Take the 2-minute tour ×
Stack Overflow is a question and answer site for professional and enthusiast programmers. It's 100% free, no registration required.

I have the payment class with only one local private variable - totalCost, as such totalCost also has a getter and setter methods. TotalCost is the only local variable because its the only one used in more than one method in the payment class. Should this class have more getters and setters?

public class Payment {
    private int totalCost;

    public Payment(){
    }

    public int calculateItemcost(int itemQuantity, int itemPrice){
        return itemPrice * itemQuantity;

    public int calculateTotalcost(int itemCost){
        return totalCost = totalCost + itemCost;
    }


    public int calculateBalance(int clickedValue, int totalCost){
        return this.totalCost = totalCost - clickedValue;

    public int getTotalcost(){
        return this.totalCost;
    }    

    public void setTotalcost(int totalcost) {
        this.totalCost = totalcost;
    }
}     
share|improve this question
add comment

4 Answers

You use getters for the fields that you might need to "get" in other classes, and setters for the fields that you might need to "set" in other classes. So before writing a getter/setter, think of your requirements.

share|improve this answer
add comment

Since you only have one field, which you already have getters and setters for. There is no point. Looks fine.

Although, refactor this:

    public int calculateTotalcost(int itemCost){
        return totalCost = totalCost + itemCost;
    }

    public int calculateBalance(int clickedValue, int totalCost){
        return this.totalCost = totalCost - clickedValue;
    }

To call the setter. Example:

public int calculateTotalcost(int itemCost){
       setTotalCost(totalCost + itemCost);
       return getTotalCost();
    }

This way changes to totalCost is localized to the setTotalCost method.

share|improve this answer
add comment

Do you know the law of Demeter?

It gathers some small guidelines to avoid loose coupling in your code.

Getters and setters are the elements leading to thight coupling between classes.

Why?

Because getters and setters informs you about the implementation of a class (its field especially) and its design.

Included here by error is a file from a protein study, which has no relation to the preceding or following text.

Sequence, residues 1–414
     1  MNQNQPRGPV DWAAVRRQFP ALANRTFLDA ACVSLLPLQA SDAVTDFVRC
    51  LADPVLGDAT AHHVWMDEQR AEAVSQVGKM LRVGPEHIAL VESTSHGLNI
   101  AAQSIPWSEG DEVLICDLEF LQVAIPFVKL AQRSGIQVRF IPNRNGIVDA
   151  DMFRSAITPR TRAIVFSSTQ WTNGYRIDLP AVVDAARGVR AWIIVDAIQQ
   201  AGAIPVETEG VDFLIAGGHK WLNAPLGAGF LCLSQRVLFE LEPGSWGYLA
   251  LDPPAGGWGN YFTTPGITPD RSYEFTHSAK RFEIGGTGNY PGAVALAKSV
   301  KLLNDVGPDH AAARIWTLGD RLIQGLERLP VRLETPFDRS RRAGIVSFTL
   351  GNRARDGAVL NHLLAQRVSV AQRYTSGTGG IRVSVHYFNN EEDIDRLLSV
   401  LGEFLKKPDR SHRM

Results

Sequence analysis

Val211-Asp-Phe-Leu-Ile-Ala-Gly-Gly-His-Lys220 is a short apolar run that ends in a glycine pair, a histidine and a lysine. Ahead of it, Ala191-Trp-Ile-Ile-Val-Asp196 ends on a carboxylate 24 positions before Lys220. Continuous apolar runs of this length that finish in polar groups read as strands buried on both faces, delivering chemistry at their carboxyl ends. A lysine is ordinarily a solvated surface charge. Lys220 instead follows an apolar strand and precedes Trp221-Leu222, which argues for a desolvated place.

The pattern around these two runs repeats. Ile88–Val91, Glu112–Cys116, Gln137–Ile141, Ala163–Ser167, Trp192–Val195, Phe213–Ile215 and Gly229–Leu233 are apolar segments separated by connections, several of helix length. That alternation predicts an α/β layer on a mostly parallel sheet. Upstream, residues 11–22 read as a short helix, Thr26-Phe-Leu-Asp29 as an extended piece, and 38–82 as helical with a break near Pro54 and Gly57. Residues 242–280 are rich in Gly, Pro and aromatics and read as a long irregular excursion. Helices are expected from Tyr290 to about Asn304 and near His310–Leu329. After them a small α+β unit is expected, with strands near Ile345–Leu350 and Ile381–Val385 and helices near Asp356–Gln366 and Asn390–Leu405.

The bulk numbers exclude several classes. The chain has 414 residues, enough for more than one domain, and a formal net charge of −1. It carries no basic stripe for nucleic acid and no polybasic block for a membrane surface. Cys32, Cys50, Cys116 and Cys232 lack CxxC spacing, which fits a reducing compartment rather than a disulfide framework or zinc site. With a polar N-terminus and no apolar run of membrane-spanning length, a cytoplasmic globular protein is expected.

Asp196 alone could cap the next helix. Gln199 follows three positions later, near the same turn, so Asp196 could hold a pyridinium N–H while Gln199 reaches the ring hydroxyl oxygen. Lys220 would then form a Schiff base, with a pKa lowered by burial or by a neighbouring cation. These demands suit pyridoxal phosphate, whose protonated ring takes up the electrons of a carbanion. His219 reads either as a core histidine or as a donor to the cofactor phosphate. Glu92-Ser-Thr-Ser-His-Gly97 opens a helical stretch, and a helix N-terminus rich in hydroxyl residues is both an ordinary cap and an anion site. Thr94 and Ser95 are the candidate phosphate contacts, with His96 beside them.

Developer who ALWAYS code with creation of getters/setters systematically have misunderstood totally the notion of Object-Oriented programming.

Indeed, this leads to anemic domain model.

Thus, it forces client to implements the business logic themselves even though it isn't its role.

To put in a nutshell: In an application, 80% of getters and setters are unnecessary. Object-Oriented programming is about messages. You want a behaviour from an object, tell it ! Don't ask for information about its state in order to make your kitchen aside cause that would be typically a procedural way of coding. (Tell ! Don't Ask !!) and favor the non-respect of DRY (Don't repeat yourself).

share|improve this answer
add comment

Two guidelines I follow.

First, not necessarily all private data should be exposed via getters and setters, since some of them may be for internal use only.

Second, the getters and setters should provide an object view, not an implementation view.

For example, if your class has a hard-coded 10% tax rate on purchases (forgetting for now that hard-coding this is a bad idea), you could have a getter for the taxation component even though it's a calculated value rather than a private member. In addition, you may want to set the value based on the pre-tax price.

So, if the pre-tax value has 10% added on for the government vultures, something like:

public void setPreTax (int preTaxAmt) {
    totalCost = preTaxAmt * 11 / 10;
}
public int getTax (void) {
    return totalCost / 11;
}

I haven't bothered using floating point for the calculations since it's irrelevant to the discussion and you're already using int.

This object/implementation split is a good thing - you should design your API based on the information you want to provide to the clients of it, not based on internal details.

share|improve this answer
add comment

Your Answer

 
discard

By posting your answer, you agree to the privacy policy and terms of service.

Not the answer you're looking for? Browse other questions tagged or ask your own question.